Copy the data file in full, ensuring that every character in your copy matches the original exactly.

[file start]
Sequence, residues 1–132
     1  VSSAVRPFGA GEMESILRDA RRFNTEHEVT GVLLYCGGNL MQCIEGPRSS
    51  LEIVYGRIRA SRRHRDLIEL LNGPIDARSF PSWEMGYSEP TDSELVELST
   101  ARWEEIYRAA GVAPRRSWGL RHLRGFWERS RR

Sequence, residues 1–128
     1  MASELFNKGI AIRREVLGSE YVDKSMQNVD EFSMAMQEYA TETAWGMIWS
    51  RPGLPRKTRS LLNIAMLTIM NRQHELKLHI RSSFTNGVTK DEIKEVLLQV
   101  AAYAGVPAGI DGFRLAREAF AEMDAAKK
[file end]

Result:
Sequence, residues 1–132
     1  VSSAVRPFGA GEMESILRDA RRFNTEHEVT GVLLYCGGNL MQCIEGPRSS
    51  LEIVYGRIRA SRRHRDLIEL LNGPIDARSF PSWEMGYSEP TDSELVELST
   101  ARWEEIYRAA GVAPRRSWGL RHLRGFWERS RR

Sequence, residues 1–128
     1  MASELFNKGI AIRREVLGSE YVDKSMQNVD EFSMAMQEYA TETAWGMIWS
    51  RPGLPRKTRS LLNIAMLTIM NRQHELKLHI RSSFTNGVTK DEIKEVLLQV
   101  AAYAGVPAGI DGFRLAREAF AEMDAAKK